When money gets involved its no longer a passion its job and you do what you have too in order to eat and put money in your pocket to survive... I never want to get like that, ever.
    04-09-2010, 11:28 AM
Illcomalopin: I TOTALLY agree with you! I don't want to have to rely on my horses to make a living for me. I want to be able to make the living so I can enjoy them and keep them happy little trail horses who get turned out every day. I don't want them to have to spend everyday in the stall all wrapped up just so they don't get dirty. I WANT my horses to be dirty, that means I get to spend more time with them lol. I love my dirty horses!!!
    04-09-2010, 01:46 PM
Sorry dear, but you will need money, lots of it, to show at the upper levels.

The really elite riders have sponsors, but they have to pay their own way for a very long time and prove themselves before that happens.

Didn't you just post a thread about continuously looking down while riding a course? You're going to need to get much better at just the basics before you start dreaming about riding for a living.

As has already been noted, the great riders ride all kinds, breeds, and types of horses during the formative part of their careers. They live and breathe nothing but horses during that time. No hanging with friends, no parties, no vacations, just horses.

Even if you have natural talent, that will only take you so far. Drive, dedication, and a sterling work ethic are all required to make it as an elite rider in any discipline.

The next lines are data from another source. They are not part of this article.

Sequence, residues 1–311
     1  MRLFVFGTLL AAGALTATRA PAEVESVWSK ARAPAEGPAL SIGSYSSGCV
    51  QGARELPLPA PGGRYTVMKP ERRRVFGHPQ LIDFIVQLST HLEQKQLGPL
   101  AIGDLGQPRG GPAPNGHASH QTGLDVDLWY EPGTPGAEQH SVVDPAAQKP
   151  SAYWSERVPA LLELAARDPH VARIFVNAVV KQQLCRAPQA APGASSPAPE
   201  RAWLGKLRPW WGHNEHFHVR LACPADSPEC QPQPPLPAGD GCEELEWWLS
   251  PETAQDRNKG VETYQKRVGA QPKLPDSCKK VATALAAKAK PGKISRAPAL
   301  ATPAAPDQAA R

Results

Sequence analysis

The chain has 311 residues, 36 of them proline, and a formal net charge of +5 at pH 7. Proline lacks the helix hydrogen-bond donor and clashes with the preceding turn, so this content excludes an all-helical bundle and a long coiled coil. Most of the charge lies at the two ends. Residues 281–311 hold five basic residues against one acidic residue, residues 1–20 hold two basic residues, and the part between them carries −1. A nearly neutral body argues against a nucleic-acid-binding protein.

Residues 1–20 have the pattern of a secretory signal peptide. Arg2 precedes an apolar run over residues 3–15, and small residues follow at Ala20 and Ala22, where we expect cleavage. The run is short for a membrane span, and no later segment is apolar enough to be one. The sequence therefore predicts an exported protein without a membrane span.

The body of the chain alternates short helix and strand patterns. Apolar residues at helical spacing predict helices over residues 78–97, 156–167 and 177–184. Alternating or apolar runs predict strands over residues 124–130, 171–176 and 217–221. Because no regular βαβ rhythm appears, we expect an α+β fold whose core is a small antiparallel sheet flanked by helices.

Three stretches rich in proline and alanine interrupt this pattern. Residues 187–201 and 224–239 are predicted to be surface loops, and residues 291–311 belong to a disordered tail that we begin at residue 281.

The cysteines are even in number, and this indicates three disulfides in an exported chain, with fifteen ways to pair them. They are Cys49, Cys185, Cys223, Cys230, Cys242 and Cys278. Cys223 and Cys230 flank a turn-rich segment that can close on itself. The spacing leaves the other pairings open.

If you have all of those qualities, you might be able to make a career of riding.

You're also going to have to overcome your shyness if you want to make it in the horse world. Being meek and timid will get you exactly nowhere.

If your trainer was tutored by GM and was an Olympic rider, ask her what she thinks of your potential. She'll have a better idea than anyone.
    04-09-2010, 01:57 PM
Super Moderator
My thoughts:

Don't ever give up the dream. Tell your trainer that you have plans to "make it big" in the horse world. You don't have to decide what that means right now, Right now making it big should simply mean, having a career in the horse world.

To make it big in competition there are many factors that will have to come into play, money is a big one, the right trainer, the right people, the right horse, talent is a must... etc.

In order to make it big in the horse world wether it be in competition, breeding, training, boarding, whatever, the biggest thing is that you have a back-up plan. You either have to be independently wealthy or you have to have an education. Times get tough. Even my trainer owns a tack shop that provides a definite income. As a rider or a trainer, one simple injury could destroy a bank-account and end a career in horses.

Keep up the dream, but get an education and some "real world" skills in case you need them.

Good luck!
    04-09-2010, 03:32 PM
Thanks guys. And yes I did have a post about my eyes because I have a habit of it on the ground too. I try my hardest to live and breathe horses and have ridden quite an array of them throughout my years. I started schooling ponies when I was 8 but I do not get paid for training them. =/ and I forgot to mention that I have 5 jobs at my barn. But you get paid in "Barn bucks" and not real money

advice, horse, riding, training